Improving your life – even saving lives – is as easy as taking a walk


Even before I became sober (which is the best thing I ever did for myself), my life began to improve when I began walking.

When I sold my clunker to a junkyard when dad entered a memory care facility in 2013, I had no choice but to start walking. Once, I walked all the way home from the grocery store carrying a 25-pound box of cat litter (well over a mile).

It didn’t take long before I got over my hang-ups about using public transportation, but usually I chose walking over riding the bus even then. At one point, about a year after I became sober, I no longer felt safe riding the bus and returned to just walking.

We know that walking is incredibly good for your health. Even before I stopped drinking, weight began to fall off of me when I started walking.

In February I decided to buy a Toyota Prius, so I haven’t been walking as much as I once did. I go to the gym now instead.

But when my therapist suggested a few weeks back that I start participating in charity walks to meet new people, I thought, “Why didn’t I think of that?”

Why have so many Q-C LGBT people died?

A couple of weeks ago I participated in the Overdose Awareness Walk and blogged about that. I’m sure you all also have seen my pleas for sponsorship in the upcoming Out of the Darkness Walk benefiting the American Foundation for Suicide Prevention (Oct. 29 in Bettendorf) as well as the NAMI Walk benefiting the National Alliance on Mental Illness (Sept. 24 in Davenport).

I’m proud to say that as I write this column, I have raised $175 so far for the NAMI Walk and $170 for the Out of the Darkness suicide prevention walk. Thank you from the bottom of my heart to all who have donated.

What’s even more meaningful to me, even beyond the fact that walking has greatly improved my health (my blood pressure is perfect these days!) and the fact that I’m helping raise money for good causes by participating in the charity walks, is that all three of these causes are near and dear to me.

In the Quad-Cities, the number of gay and lesbian people who have died of drug overdoses is staggering. I lived in Los Angeles for 12 years (and was a wild party boy) and only knew two people who OD’d. Here in the Quad-Cities – and we’re talking as far as back as six or seven years ago, even before the nation’s opioid crisis reached full tilt – I can think of several LGBT people who have OD’d.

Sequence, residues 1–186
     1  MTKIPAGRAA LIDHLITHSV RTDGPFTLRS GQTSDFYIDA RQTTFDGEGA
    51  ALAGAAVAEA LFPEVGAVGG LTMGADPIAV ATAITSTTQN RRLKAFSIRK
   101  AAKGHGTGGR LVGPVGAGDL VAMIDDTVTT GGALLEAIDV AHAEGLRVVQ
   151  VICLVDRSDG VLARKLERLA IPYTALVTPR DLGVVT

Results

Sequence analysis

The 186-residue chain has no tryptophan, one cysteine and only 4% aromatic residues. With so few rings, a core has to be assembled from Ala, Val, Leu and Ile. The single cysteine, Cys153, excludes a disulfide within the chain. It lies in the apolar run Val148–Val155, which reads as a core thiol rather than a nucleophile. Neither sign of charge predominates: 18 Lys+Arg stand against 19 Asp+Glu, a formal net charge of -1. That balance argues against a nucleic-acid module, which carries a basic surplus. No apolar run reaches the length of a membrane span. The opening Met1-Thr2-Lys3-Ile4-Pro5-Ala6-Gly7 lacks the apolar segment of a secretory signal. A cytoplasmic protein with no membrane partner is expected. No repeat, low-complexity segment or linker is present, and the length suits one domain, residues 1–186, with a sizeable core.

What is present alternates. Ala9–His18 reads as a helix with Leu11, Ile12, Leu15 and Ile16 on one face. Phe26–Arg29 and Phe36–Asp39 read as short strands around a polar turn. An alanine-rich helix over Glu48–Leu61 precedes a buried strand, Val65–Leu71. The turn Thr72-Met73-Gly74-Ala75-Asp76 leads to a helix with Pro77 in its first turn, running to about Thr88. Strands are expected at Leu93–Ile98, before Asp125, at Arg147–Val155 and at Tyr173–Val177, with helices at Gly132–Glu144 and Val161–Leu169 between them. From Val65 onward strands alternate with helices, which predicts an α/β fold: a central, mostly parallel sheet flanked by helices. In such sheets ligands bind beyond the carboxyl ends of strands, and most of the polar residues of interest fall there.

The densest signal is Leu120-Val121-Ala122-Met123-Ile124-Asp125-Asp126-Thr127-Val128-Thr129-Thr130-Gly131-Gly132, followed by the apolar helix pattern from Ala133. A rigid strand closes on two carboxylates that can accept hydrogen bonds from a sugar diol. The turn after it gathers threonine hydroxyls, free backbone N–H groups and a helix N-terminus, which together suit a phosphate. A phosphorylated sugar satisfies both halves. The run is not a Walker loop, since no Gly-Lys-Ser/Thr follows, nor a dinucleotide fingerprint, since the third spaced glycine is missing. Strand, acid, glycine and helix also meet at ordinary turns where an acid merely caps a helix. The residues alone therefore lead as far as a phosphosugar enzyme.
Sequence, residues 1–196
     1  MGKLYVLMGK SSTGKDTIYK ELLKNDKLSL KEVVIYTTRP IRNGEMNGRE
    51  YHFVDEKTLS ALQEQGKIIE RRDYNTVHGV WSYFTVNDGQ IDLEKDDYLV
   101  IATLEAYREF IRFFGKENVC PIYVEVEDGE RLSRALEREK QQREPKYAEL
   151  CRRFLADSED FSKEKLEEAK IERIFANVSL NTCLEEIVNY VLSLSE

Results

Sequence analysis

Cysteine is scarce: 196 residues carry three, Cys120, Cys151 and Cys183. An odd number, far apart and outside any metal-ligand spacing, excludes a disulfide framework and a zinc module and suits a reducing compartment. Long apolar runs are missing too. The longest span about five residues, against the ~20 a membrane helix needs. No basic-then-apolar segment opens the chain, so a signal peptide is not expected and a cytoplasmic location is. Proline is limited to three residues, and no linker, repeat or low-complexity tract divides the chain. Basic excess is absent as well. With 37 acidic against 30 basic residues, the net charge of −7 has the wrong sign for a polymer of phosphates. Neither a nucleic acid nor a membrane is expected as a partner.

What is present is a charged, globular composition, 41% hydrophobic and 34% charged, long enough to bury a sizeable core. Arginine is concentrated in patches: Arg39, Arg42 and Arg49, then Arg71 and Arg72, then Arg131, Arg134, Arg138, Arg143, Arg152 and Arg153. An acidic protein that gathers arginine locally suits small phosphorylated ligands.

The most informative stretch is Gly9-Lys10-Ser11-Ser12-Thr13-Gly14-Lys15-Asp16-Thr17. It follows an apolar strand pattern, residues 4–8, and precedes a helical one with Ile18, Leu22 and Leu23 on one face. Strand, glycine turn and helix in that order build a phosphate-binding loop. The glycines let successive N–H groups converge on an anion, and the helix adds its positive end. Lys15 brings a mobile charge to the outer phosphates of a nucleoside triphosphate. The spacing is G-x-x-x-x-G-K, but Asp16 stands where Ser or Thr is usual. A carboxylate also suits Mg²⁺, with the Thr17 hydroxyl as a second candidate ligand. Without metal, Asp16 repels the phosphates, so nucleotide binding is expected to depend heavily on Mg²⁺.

Of course, overdose, suicide and, I’d surmise, even foul play sometimes are blurred when you don’t have the complete story. And on many of these people, I don’t. Simply put, there are lots of moms and dads who have lost children in this town; and lots of children who have lost moms and dads.

Brandon Ketchum puts a face to “20 per day” stat

And of course we know that 20 service people per day are committing suicide, which is not excusable. Our country needs to do a much better job of taking care of our service men and women, and that includes accommodating their mental health needs. That point finally was driven home locally with the untimely death of Brandon Ketchum, which even has caught the attention of local lawmakers, as reported here by Quad-City Times columnist Barb Ickes.

I know what suicidal thoughts feel like, although thankfully it is not something I have experienced since 2003. Many years ago, after returning to the Quad-Cities from Los Angeles, my depression was so bad that simply being awake was painful. I just wanted to sleep.

In June 2015, when I raised my voice after not being taken seriously when reporting an intruder at my dad’s memory care facility, I was thrown in the Rock Island County Jail on no charges at all. The reason they gave? They said I was suicidal.

Please start paying attention, folks!

While many of those who govern and have governed out of the county of Rock Island are famous for their lies and corruption, saying I was suicidal may in fact be the tallest tale they ever told. And everyone who was in the jail knows that whether they have chosen to tell the truth about it or not. Even the local mental health center deemed me “not suicidal” after one of their clinicians evaluated me inside the jail, but now those records are “missing.” The hospital also forgave the portion of my bill that Blue Cross Blue Shield did not pay (and not because of financial need).

What was going on that day was a PTSD-fueled anxiety attack that occurred nearly to the day of the one-year anniversary of an assault that could have killed me.